The fifth one swam with the current, maxed my drag because I didn't want to run over a couple of kids, *SNAP*--took my nail knot down, and left me with a flyline whip wound on the side of my mouth...silvers' revenge. Could have been worse though...a hook inbedded in my cheek, or worse--in one of the kids...

    That was around 2 hours after high tide. When the channel was 6-8 feet wide, and 18-24 inches deep, you could see schools of silvers (15-20 fish at a time) darting in and out of the lagoon (with polarized glasses). I couldn't understand why no one else was where I was...After my whip wound, the number of fish running through declined, so I cut my losses and called it a day.

    I was using a chartreuse fly, 6 ft leader, with one, #2 split shot, sight fishing the concentrations, letting the line drift to its end, then watching the fish mouth the lure, or sometimes watching the fish trying to swim away with it...yes, it was that clear at that time of the tide.

    We went for halibut the next day, so I missed the next PM high, then had to come home .

    Good Luck!

    P.S.--Like others, I saw a lot of blatant snagging in the lagoon proper, and these guys were whooping it up, having a good ole' time, as they ripped their trebles through the schools.

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    Default Another tip

    The most important thing to do is get there before the tide starts coming in. Station yourself directly across from the entrance to the lagoon so the incoming tide is coming directly towards you. Lots of people will be there too.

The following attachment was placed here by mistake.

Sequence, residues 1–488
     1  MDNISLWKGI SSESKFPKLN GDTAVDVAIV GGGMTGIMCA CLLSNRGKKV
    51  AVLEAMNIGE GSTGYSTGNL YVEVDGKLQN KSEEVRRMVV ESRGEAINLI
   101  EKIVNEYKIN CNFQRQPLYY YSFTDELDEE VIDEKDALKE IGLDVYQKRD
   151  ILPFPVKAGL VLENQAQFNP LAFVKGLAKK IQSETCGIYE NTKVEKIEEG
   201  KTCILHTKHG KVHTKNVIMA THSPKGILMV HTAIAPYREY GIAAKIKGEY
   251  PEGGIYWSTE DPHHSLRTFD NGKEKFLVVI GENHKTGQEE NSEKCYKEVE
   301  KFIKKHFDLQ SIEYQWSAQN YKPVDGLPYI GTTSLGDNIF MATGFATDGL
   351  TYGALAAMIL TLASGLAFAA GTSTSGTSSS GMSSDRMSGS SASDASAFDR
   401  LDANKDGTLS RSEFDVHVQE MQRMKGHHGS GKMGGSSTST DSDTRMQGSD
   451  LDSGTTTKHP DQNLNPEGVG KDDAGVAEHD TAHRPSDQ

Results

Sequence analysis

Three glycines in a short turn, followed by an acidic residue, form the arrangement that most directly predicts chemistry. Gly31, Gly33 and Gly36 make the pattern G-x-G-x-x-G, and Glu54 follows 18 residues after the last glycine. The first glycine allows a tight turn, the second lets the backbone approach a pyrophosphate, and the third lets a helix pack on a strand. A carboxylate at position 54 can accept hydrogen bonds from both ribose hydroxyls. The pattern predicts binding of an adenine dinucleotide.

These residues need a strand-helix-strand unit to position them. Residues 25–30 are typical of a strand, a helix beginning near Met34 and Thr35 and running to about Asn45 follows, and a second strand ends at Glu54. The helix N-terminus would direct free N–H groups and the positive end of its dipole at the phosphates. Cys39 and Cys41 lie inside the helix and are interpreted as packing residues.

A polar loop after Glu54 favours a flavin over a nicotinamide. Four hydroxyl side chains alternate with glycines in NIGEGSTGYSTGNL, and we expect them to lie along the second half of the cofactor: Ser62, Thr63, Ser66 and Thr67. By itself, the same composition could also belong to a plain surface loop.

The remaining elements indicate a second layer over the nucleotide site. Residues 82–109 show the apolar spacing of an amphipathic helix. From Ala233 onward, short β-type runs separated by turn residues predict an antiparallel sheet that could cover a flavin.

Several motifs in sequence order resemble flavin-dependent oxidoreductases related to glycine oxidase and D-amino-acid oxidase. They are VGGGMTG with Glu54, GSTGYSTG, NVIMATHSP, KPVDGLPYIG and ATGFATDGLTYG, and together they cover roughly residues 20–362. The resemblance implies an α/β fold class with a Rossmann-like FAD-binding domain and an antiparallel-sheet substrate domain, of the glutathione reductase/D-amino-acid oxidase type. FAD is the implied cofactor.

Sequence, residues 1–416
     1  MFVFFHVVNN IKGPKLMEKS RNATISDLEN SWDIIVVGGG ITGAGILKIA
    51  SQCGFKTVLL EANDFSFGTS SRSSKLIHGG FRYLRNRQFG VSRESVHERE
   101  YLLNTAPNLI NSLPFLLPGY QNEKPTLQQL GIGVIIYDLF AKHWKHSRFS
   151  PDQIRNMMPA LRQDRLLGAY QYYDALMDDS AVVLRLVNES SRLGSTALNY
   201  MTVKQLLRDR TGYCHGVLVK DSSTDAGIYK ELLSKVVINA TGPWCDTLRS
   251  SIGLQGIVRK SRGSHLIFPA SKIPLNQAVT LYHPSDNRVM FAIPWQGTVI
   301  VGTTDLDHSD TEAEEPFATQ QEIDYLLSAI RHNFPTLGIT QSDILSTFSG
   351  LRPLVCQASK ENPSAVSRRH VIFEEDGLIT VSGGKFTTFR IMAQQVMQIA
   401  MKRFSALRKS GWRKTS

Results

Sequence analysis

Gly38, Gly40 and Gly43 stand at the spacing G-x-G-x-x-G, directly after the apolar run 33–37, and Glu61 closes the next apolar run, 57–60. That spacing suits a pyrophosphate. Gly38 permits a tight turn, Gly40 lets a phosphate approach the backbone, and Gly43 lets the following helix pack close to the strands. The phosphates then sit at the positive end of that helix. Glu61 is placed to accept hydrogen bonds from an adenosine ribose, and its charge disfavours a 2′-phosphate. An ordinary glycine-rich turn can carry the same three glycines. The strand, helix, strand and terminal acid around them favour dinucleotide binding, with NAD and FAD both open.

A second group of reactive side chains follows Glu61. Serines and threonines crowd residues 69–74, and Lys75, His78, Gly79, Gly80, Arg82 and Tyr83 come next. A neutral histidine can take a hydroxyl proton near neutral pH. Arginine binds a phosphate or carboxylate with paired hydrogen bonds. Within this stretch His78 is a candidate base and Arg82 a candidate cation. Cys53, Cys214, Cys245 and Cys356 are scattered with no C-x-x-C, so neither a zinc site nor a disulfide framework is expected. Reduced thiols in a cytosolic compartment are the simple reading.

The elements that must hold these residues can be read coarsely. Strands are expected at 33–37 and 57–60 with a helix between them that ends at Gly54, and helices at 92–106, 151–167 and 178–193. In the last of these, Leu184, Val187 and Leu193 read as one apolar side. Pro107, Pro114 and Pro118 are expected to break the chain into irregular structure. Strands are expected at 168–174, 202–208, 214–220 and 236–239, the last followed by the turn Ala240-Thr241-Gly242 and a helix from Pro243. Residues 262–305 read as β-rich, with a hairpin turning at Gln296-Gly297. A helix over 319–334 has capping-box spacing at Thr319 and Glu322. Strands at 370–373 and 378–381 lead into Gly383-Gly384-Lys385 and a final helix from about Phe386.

Rig up with a float and an 18-inch leader with a 3/0 hook. Use herring or a gob of cured salmon eggs under your float. Eggs might be hard to find but herring are usually available at the bait shop across the street. Plug cut your herring. Toss your rig into the incoming current. If you've done this right, your rig will be floating directly towards you. Hang on, that's when they hit.

    I've had the most success with plug cut herring. Check with the folks around you if you need help. Most folks are happy to lend a hand, but only before the tide starts coming in. Once the tide starts to turn, everyone will be fishing, not teaching.

    Don't expect huge coho in August from the ND Lagoon. Most are in the 3 to 5 lb range. But if you have time, you might consider going to the mouth of the Anchor River. Hit the pools near the mouth at low tide with cured eggs. There should be some fresh coho around.